When evolutionary biologist John Endler began studying Trinidad's
wild guppies in the 1970s, he was struck by the wide variation among guppies from
different streams, even among guppies living in different parts of the same stream.
Males from one pool sported vivid blue and orange splotches along their sides, while
those further downstream carried only modest dots of color near their tails. Endler
also observed differences in the distribution of guppy predators, and in the color
and size of gravel in different stream locations.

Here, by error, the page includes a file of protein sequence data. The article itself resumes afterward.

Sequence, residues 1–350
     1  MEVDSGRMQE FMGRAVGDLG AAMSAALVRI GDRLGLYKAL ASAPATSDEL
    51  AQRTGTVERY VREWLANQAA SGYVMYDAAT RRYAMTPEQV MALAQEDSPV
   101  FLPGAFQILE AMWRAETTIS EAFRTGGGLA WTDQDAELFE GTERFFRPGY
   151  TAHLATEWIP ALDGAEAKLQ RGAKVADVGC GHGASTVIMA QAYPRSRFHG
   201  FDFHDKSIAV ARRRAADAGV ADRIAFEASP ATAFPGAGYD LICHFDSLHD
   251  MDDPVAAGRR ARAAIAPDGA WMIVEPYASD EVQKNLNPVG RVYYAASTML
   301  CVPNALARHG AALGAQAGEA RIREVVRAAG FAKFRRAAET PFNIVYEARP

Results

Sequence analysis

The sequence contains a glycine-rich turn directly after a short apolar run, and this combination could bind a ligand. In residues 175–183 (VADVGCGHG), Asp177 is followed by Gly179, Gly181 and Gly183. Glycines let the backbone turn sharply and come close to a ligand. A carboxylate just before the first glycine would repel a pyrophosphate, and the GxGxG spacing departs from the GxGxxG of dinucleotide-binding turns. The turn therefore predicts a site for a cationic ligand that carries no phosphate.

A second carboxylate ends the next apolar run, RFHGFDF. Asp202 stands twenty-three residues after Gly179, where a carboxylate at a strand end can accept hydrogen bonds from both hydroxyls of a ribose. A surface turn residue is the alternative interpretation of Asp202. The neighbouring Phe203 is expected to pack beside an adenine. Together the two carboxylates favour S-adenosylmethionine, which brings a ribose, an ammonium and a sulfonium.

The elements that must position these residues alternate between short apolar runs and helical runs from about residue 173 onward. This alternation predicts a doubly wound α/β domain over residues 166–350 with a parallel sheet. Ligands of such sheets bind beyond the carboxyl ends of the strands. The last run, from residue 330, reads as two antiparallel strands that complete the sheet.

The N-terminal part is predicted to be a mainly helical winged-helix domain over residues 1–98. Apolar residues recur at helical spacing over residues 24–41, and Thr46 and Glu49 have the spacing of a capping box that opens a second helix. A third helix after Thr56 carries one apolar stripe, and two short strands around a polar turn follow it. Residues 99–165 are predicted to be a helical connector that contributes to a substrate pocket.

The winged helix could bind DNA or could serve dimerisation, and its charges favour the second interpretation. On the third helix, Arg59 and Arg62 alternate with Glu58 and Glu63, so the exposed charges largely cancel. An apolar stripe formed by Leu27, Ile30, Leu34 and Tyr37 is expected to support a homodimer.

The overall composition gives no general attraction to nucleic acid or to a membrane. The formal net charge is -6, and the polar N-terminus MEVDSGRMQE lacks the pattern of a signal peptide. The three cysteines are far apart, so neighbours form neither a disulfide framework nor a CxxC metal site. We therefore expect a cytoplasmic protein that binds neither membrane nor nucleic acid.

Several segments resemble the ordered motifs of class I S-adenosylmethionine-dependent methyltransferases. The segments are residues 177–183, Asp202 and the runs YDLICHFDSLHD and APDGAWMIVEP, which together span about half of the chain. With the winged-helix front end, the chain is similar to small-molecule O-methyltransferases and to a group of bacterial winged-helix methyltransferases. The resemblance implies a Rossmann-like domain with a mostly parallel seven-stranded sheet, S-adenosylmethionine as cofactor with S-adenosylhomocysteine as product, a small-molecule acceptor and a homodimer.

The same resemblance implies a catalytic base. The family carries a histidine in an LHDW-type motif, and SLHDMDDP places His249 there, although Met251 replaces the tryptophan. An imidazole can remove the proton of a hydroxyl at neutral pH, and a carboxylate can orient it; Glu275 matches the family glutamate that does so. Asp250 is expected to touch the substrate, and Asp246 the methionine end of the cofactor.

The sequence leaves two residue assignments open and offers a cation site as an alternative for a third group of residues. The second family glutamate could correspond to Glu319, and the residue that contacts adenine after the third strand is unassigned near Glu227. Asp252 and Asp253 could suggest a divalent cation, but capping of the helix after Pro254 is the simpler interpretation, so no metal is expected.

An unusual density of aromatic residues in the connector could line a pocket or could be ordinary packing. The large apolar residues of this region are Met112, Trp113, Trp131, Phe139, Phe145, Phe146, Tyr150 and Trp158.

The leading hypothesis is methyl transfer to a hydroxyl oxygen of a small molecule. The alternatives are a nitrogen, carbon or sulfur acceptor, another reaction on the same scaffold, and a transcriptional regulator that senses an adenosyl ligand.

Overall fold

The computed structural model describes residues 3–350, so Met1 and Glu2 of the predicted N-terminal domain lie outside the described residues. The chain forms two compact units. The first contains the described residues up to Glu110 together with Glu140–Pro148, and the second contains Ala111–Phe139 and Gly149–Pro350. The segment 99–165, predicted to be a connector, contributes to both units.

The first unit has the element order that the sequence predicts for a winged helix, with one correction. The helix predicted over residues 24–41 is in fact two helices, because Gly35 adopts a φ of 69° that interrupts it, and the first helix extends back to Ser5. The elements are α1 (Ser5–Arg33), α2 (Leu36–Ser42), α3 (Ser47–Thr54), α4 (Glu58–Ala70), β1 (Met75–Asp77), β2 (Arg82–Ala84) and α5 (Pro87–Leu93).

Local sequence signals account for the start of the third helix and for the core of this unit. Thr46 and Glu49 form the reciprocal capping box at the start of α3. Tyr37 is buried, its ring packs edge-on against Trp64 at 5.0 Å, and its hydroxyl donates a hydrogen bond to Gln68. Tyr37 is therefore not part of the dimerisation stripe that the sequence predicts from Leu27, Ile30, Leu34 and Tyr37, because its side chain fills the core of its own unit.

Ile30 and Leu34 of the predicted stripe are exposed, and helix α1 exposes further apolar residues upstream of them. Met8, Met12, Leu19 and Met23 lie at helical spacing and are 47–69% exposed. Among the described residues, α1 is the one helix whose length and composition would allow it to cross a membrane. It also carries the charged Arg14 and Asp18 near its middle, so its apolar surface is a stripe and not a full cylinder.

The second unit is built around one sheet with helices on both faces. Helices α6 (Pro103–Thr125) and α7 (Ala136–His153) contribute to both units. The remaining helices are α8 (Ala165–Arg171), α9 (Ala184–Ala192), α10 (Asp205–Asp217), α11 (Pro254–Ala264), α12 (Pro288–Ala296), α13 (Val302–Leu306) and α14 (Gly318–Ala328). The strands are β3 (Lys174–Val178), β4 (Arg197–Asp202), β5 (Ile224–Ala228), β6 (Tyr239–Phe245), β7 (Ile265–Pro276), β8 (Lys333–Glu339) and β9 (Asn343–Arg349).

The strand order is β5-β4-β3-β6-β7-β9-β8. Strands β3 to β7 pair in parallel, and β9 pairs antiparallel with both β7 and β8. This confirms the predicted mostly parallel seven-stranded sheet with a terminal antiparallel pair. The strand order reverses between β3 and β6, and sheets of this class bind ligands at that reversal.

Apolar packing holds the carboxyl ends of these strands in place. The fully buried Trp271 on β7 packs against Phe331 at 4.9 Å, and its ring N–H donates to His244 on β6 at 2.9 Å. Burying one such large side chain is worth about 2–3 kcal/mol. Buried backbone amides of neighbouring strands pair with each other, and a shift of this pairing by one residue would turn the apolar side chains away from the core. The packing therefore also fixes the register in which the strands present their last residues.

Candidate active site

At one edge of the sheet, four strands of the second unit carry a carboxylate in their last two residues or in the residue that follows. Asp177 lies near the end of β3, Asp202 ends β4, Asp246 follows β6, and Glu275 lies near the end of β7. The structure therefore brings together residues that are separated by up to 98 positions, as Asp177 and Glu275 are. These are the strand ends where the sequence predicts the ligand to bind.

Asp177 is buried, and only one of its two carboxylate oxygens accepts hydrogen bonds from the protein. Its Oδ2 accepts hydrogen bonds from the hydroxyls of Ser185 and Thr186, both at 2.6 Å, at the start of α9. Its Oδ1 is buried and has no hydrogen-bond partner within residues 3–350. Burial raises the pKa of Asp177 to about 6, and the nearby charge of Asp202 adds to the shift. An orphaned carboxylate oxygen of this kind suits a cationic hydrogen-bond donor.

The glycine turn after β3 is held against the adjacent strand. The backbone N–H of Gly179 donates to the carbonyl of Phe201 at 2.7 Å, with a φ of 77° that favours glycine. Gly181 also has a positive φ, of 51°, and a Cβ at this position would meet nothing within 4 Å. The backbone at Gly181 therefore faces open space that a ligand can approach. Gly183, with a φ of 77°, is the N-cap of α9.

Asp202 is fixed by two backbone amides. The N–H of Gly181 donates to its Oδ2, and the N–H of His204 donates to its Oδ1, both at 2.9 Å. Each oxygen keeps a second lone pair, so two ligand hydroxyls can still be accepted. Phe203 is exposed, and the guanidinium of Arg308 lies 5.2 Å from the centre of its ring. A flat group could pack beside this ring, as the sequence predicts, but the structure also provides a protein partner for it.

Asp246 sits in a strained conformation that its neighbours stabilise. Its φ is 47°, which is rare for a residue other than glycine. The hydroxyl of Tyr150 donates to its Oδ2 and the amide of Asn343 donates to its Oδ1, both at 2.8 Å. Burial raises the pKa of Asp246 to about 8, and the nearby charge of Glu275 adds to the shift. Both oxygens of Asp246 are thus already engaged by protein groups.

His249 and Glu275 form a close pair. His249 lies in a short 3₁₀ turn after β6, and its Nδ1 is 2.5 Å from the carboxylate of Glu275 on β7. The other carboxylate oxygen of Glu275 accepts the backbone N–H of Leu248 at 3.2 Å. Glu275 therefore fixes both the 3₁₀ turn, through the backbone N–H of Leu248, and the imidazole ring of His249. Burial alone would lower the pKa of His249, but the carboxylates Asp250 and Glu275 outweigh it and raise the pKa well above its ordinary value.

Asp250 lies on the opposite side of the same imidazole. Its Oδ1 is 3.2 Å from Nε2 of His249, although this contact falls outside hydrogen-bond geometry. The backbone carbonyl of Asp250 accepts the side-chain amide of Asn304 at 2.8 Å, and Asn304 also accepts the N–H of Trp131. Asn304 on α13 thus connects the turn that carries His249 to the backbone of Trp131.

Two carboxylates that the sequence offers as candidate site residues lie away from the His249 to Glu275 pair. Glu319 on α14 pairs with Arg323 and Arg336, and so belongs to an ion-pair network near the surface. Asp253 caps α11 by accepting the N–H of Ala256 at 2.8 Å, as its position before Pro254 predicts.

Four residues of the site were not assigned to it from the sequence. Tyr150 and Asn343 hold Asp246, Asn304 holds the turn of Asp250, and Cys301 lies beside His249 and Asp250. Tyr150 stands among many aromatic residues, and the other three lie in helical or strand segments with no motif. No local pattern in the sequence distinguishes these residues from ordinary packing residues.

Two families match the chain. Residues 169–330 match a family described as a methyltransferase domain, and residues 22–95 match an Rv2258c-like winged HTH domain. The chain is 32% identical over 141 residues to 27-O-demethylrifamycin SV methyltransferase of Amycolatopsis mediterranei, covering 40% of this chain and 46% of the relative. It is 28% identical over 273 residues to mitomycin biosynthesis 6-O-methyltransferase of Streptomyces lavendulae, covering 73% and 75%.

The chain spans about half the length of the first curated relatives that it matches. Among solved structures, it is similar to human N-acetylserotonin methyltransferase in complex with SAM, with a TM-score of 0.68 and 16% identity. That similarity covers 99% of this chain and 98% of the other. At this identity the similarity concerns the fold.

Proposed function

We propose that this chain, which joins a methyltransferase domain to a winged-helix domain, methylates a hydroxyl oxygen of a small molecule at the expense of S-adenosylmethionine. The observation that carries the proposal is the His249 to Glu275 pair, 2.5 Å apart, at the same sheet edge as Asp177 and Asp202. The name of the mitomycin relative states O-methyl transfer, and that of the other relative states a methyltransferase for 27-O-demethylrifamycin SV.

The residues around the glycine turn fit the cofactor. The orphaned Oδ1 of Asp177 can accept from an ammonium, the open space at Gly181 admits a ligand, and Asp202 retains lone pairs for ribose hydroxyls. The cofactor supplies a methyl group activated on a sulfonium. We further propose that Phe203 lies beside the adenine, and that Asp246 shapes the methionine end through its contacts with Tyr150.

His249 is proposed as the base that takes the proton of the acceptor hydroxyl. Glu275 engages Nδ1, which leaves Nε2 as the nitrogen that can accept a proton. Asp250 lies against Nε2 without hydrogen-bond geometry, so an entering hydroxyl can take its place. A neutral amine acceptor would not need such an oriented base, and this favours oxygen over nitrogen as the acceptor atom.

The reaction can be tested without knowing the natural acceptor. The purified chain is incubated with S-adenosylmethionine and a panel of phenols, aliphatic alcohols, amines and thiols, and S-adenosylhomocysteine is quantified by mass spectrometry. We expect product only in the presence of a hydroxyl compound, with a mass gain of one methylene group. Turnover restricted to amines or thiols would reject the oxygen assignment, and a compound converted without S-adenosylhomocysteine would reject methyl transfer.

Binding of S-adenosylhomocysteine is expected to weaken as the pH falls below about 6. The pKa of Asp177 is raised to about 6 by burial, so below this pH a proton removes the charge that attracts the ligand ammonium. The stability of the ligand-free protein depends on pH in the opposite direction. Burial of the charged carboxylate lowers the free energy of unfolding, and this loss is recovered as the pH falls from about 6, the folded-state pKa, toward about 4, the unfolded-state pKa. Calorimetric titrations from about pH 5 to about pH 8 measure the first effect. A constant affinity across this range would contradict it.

Endler photographed hundreds of guppies and carefully measured
their size, color, and the size and placement of their spots. He began to see a strong
correlation between where guppies lived in a particular stream and whether the fish
were bright or drab. But what was responsible for these trends in coloration? And if
bright colors made guppies more conspicuous to predators, why should males be colorful
at all? To find out, Endler formed a hypothesis based on his observations, then set
out to test it. His results would prove to be one of evolutionary biology's most
Make your own observations of
a guppy stream.
Investigate the different pools in this stream more closely.
Look for color trends in the guppies. These may vary relative to the presence or
absence of specific predator species in the pools.